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US Private Companies Raise Revenue Forecasts

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US Private Companies Raise Revenue Forecasts

US private companies raised their 12-month revenue forecasts by 15 percent in the third quarter, despite economic and political challenges at home and abroad.

Despite ongoing US fiscal-policy issues, CEOs of US private companies raised their 12-month revenue forecasts to 9% in the third quarter, up 15% from the 7.8% they projected in the second quarter, according to a survey PwC US.

Two-thirds of chief executives said they believed the nation's economy was growing, while only 4% viewed it as declining.The last time that private companies' revenue growth rates were this high was in the first quarter of 2012, when they projected a 9.5% growth rate. Among private companies overall, those selling exclusively in the United State reported a sharply higher revenue growth rate of 10.4% compared with their international peers, which forecast a more moderate 7.3% increase. Private companies' projected revenue growth continues to well-outpace current and forecasted US GDP growth rates, which remain in the low single digits.

Optimism about the US economy's 12-month prospects held relatively strong, with more than half of the CEOs surveyed (55%) reporting optimism (just four points below the prior quarter). Pessimism was at a low 9%. Two-thirds of chief executives said they believed the nation's economy was growing, while only 4% viewed it as declining. With respect to the world economy, uncertainty remained the predominant sentiment, voiced by 54% of private companies, a 13-point increase from the second quarter. Thirty-five percent said they were optimistic, down from 39% the prior quarter.

"Lack of skilled labor is a significant headwind for private companies, compounded by the rapidly retiring workforce.""Private companies' strong revenue projections indicate steady improvement in the US economy," says Ken Esch, a partner in PwC's Private Company Services practice. "While growth may be slower than we would like to see, this latest forecast is a positive sign. Certainly US political and economic issues continue to be of concern. That said, private-company leaders have come to expect short-term political fixes and therefore aren't making strategic decisions on that basis. Most of their businesses haven't felt the long-term effects of sequestration, and so the recent economic debate in Washington hasn't kept them from pursuing their growth objectives."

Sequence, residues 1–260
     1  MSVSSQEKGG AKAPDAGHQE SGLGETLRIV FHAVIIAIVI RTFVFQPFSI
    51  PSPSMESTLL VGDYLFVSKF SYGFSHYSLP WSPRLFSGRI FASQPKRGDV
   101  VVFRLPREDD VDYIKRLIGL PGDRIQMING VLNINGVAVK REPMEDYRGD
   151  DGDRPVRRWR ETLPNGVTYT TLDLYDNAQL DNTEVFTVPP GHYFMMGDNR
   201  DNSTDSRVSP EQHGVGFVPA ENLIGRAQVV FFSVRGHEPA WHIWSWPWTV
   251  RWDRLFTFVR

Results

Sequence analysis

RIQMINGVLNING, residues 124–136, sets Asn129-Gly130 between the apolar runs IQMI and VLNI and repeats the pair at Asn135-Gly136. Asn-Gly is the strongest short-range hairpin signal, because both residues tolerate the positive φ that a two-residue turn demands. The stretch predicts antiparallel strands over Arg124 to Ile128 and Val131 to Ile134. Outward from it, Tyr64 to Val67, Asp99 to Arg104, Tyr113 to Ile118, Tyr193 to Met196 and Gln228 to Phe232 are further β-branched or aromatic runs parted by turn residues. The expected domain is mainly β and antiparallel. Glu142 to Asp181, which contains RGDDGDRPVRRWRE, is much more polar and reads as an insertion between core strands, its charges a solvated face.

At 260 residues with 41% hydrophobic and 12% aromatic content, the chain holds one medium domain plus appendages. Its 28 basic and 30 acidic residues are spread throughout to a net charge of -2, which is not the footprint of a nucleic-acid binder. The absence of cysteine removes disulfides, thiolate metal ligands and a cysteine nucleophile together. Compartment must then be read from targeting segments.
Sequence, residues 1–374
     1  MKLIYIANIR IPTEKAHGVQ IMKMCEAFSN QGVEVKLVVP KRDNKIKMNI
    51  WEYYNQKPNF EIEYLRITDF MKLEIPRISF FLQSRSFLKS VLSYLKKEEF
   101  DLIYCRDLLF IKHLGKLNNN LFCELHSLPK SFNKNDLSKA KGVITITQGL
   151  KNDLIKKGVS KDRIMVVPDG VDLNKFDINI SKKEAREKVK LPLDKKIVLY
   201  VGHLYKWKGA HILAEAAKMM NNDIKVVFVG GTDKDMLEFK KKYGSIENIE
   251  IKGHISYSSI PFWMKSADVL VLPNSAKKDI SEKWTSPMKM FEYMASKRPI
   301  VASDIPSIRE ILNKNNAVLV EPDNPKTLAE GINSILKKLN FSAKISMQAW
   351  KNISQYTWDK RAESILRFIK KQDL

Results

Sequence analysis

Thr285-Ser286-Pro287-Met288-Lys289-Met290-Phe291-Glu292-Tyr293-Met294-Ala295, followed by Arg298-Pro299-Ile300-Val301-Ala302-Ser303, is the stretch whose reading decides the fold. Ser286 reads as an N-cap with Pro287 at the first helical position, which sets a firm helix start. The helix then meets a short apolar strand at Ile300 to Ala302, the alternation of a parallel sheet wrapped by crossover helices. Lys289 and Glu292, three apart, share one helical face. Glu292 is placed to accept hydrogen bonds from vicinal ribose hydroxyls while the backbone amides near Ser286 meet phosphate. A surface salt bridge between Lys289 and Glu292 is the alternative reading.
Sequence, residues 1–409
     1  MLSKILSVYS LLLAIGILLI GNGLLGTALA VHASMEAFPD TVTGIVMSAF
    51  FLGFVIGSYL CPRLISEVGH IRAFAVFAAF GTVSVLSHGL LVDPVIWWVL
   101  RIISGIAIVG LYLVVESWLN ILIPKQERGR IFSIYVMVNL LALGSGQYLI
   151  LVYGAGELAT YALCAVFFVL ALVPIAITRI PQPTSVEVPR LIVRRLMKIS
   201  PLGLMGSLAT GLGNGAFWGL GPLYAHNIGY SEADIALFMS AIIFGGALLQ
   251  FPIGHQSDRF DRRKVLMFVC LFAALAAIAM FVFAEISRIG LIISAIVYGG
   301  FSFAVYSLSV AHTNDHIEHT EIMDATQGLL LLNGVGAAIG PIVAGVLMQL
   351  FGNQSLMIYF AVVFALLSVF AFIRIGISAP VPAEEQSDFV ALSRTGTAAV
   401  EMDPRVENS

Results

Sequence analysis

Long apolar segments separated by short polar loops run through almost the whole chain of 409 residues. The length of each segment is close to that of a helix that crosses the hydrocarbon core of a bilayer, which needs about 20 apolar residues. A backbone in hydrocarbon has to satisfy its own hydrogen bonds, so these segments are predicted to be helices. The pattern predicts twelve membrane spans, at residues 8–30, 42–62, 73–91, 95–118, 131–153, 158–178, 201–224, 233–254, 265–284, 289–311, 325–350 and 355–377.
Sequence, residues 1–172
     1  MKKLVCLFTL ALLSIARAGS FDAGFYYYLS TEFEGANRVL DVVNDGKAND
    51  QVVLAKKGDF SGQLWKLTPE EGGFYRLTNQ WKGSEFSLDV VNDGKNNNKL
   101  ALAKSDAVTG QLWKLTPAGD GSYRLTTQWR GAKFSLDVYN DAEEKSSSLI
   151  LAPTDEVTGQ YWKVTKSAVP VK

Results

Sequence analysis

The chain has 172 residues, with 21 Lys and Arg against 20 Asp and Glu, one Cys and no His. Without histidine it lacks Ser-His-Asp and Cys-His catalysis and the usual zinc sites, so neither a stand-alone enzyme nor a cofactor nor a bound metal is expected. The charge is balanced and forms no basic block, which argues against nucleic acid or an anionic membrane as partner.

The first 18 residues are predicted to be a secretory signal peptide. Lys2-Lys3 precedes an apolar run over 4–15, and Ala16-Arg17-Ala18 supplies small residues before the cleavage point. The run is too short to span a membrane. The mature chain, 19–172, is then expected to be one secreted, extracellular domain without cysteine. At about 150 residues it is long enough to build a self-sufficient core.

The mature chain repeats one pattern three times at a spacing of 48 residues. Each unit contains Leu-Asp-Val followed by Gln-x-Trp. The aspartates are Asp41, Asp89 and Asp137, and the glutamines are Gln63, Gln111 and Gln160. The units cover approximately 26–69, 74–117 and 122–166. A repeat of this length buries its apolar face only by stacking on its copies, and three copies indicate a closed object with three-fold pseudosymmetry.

This graphic depicts the trajectory of private company optimism over time.

 

Hiring Plans Level, Lack of Qualified Workers a Challenge

While private companies' plans for net new hiring over the next 12 months were well above what they'd been a year ago, when 1.6% workforce growth was projected, the third-quarter projection of 2.2% is markedly below the prior quarter's 3.2%. A key reason for the dip was that larger private companies scaled back their hiring plans. However, the overall percentage of private companies planning new hiring remained steady at 57%, and just 4% of companies expected to reduce headcount.

Average increases in hourly wages, however, rose to 2.89% — up 12% from a year ago and the highest planned increase in five years — reflecting companies' ongoing difficulty finding qualified workers. More than one-quarter of private companies cited this difficulty as a potential barrier to growth, with another 19% citing pressure for increased wages.

"Lack of skilled labor is a significant headwind for private companies, compounded by the rapidly retiring workforce," says Esch. "Among our domestic-only manufacturing clients in particular, we see challenges in finding sufficiently skilled blue-collar workers such as welders and machine operators. But we're also seeing companies searching for people to fill white-collar roles, such as controllers and chief financial officers. We encourage companies to make attracting, retaining, and training key workers a strategic priority so they'll be well-positioned for the next growth opportunity."

See the full report here

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